ment in the arts of working stone and bone, to which he gives the names of the Moustier epoch, the Solutré epoch, and the La Madelaine epoch, from the stations which best typify each stage of primitive culture. M. Broca has shown that, between the time when the Moustier cave was inhabited by troglodytes and the time when the La Madelaine cave was similarly inhabited, the valley of the Vézère had undergone a denudation to the depth of twenty-seven metres; while from the date of the La Madelaine cave to our own time the denudation was only four or five metres. In other words, the interval between the two epochs was far greater than the interval between the last of them and our own times.
As to the drift-men, the few bones attributed to them are so singularly and suspiciously like those of neolithic times that it seems very unsafe to build any definite conclusion upon them. Accordingly, when Professor Dawkins tells us that "the river-drift man first comes before us endowed with all human attributes, and without any signs of a closer alliance with the lower animals than is presented by the savages of to-day," I think we must venture to suspend judgment for the present. Seeing that a later skull, like that of Neanderthal, is strikingly ape-like in one most important particular, is considerably lower in general type than that of the lowest living savage, and (as Professor Huxley has shown) is rather nearer the chimpanzee than the modern European in outline, it seems hazardous to conclude on very dubious evidence that a still earlier race had skulls as well formed as those of the neolithic Iberians. The least doubtful cases are acknowledged to be identical in character with the far later Cro-Magnon remains (belonging to the latest cave age), which in itself is enough to rouse considerable suspicion. So many supposed palæolithic skeletons, like the "fossil man" of Mentone, have turned out on further examination to be neolithic or later, that it is unwise to base conclusions upon them, when those conclusions clearly run counter to the general course of evolution.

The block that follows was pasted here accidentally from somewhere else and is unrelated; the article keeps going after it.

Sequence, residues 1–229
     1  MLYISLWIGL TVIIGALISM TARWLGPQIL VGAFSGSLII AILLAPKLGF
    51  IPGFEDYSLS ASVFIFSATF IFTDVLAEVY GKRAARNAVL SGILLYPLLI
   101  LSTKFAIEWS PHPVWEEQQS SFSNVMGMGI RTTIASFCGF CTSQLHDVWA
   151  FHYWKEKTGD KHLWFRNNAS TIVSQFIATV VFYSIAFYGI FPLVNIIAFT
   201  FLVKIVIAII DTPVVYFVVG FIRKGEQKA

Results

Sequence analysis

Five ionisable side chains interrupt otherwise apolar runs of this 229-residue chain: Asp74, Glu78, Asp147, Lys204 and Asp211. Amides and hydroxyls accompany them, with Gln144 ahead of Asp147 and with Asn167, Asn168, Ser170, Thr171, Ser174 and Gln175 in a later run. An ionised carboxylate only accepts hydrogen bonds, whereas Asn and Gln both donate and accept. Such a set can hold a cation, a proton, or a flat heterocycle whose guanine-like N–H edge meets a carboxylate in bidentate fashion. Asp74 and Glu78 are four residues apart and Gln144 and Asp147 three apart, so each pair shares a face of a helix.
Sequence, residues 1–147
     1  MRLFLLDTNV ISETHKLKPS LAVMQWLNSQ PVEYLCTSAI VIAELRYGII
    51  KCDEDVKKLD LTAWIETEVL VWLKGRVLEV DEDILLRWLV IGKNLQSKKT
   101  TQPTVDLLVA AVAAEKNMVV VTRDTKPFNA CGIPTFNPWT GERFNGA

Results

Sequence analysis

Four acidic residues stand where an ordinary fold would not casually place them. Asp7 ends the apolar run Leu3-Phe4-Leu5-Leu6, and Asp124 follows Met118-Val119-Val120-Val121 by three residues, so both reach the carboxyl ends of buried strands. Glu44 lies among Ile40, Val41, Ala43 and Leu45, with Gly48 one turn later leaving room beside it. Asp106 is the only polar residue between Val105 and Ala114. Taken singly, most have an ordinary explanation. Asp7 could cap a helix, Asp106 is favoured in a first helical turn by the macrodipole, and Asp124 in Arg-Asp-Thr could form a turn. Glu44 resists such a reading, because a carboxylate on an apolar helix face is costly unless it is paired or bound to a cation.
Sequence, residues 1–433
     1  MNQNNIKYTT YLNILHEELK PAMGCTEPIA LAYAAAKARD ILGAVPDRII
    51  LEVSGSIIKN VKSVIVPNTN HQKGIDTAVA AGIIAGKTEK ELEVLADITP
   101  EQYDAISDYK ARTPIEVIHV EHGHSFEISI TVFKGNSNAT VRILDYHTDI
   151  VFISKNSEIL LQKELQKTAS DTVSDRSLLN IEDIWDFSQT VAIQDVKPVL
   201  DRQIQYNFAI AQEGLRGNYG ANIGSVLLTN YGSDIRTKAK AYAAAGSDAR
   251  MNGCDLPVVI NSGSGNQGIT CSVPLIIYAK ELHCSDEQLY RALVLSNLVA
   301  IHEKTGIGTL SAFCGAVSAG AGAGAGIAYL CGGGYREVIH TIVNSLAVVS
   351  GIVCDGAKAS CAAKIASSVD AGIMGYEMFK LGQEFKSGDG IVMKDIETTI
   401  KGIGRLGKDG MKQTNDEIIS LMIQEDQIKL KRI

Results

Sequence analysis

With regard to the previous history of the human race, we can only guess at it by the analogy of the other higher mammalia. But late researches have all gone to show that the general progress of mammalian development has been singularly regular. If we apply this analogy, and couple it with the other known and observed facts, we may be able still further to bridge over the gap between man and his anthropoid progenitor. As Professor Huxley remarks, "The first traces of the primordial stock whence man has proceeded need no longer be sought, by those who entertain any form of the doctrine of progressive development, in the newest tertiaries; they may be looked for in an epoch more distant from the age of the Elephas primigenius than that is from us."
The bifurcation of the European placental mammals begins in the Eocene; and it is to the Eocene that we must look for the earliest